New Treatments and Advances in Immune Diseases

Published - Apr 2003| Analyst - Robert Cyran| Code - BIO025C
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Report Highlights

  • The past decade has seen an explosion in knowledge concerning the immune system, and this is leading to a wealth of new drugs and procedures that selectively target the causes of immune diseases. As a result, we forecast that the worldwide market for drugs that treat immune disease will grow from an estimated $31.5 billion in 2002 to $47.1 billion by 2007. These diseases are one of the largest market opportunities for pharmaceutical and biotechnology companies since they are common, chronic and historic treatments have been largely ineffective.
  • The study examines the current market for the treatment of immune disease and then projects the effects of new technologies upon this market. It makes detailed, unbiased market forecasts for the period of 2002 to 2007 and profiles the major companies involved in treating immune disease.

INTRODUCTION

REASONS FOR THIS STUDY AND OBJECTIVES

This in-depth study examines recent commercial developments in immune disease treatments. The past decade has seen an explosion in knowledge concerning the immune system, and this is leading to a wealth of new drugs and procedures that selectively target the causes of immune diseases. As a result, we forecast that the worldwide market for drugs that treat immune disease will grow from an estimated $31.5 billion in 2002 to $47.1 billion by 2007. These diseases are one of the largest market opportunities for pharmaceutical and biotechnology companies since they are common, chronic and historic treatments have been largely ineffective.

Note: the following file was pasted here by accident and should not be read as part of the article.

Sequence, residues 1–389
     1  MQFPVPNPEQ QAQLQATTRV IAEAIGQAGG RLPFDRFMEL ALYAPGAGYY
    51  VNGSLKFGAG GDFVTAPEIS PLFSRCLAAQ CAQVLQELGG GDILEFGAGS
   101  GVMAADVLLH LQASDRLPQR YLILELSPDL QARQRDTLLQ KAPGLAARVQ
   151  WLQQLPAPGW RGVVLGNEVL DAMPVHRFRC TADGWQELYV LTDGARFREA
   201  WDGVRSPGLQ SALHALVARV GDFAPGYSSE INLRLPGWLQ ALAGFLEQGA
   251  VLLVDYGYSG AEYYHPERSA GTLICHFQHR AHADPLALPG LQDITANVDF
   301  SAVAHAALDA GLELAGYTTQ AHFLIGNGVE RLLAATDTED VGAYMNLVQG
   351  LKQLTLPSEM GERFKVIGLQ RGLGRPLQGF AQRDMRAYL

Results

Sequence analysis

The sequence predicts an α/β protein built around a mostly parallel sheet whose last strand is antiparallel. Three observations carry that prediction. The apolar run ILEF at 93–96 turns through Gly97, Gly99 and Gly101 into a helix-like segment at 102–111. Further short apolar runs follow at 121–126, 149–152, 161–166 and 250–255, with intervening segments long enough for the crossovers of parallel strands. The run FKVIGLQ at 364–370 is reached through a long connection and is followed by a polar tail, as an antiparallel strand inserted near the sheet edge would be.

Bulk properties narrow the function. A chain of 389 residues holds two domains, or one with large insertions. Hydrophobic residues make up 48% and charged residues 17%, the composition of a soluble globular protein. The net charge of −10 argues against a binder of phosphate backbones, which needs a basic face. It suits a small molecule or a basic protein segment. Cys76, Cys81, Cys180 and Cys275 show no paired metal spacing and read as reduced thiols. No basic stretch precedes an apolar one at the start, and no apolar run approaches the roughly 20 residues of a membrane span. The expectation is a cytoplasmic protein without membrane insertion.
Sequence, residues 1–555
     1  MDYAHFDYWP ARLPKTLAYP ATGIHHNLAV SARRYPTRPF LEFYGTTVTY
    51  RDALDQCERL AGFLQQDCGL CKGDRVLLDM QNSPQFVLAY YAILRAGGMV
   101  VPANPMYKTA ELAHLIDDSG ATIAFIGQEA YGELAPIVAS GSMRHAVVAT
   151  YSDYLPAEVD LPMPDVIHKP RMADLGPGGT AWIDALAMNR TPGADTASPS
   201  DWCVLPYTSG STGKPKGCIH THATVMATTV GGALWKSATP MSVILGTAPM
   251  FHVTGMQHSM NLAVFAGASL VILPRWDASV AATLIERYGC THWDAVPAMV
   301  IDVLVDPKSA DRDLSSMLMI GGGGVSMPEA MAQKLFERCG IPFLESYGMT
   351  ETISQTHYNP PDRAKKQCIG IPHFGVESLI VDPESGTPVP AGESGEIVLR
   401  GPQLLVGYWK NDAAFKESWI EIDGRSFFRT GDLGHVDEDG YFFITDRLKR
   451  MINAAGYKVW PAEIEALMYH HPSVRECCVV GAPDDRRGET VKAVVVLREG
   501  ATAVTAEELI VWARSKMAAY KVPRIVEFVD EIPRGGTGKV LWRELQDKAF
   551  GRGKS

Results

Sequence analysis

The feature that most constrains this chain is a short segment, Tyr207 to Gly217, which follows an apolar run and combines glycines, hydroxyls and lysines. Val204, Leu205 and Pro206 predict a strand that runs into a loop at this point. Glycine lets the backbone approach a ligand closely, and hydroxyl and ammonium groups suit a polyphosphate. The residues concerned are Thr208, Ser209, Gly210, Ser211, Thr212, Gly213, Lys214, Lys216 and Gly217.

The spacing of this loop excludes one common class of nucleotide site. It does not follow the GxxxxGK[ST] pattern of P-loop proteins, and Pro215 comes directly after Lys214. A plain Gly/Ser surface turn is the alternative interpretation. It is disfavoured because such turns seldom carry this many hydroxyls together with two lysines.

The study examines the current market for the treatment of immune disease and then projects the effects of new technologies upon this market. It makes detailed, unbiased market forecasts for the period of 2002 to 2007 and profiles the major companies involved in treating immune disease.

AUDIENCE FOR THIS REPORT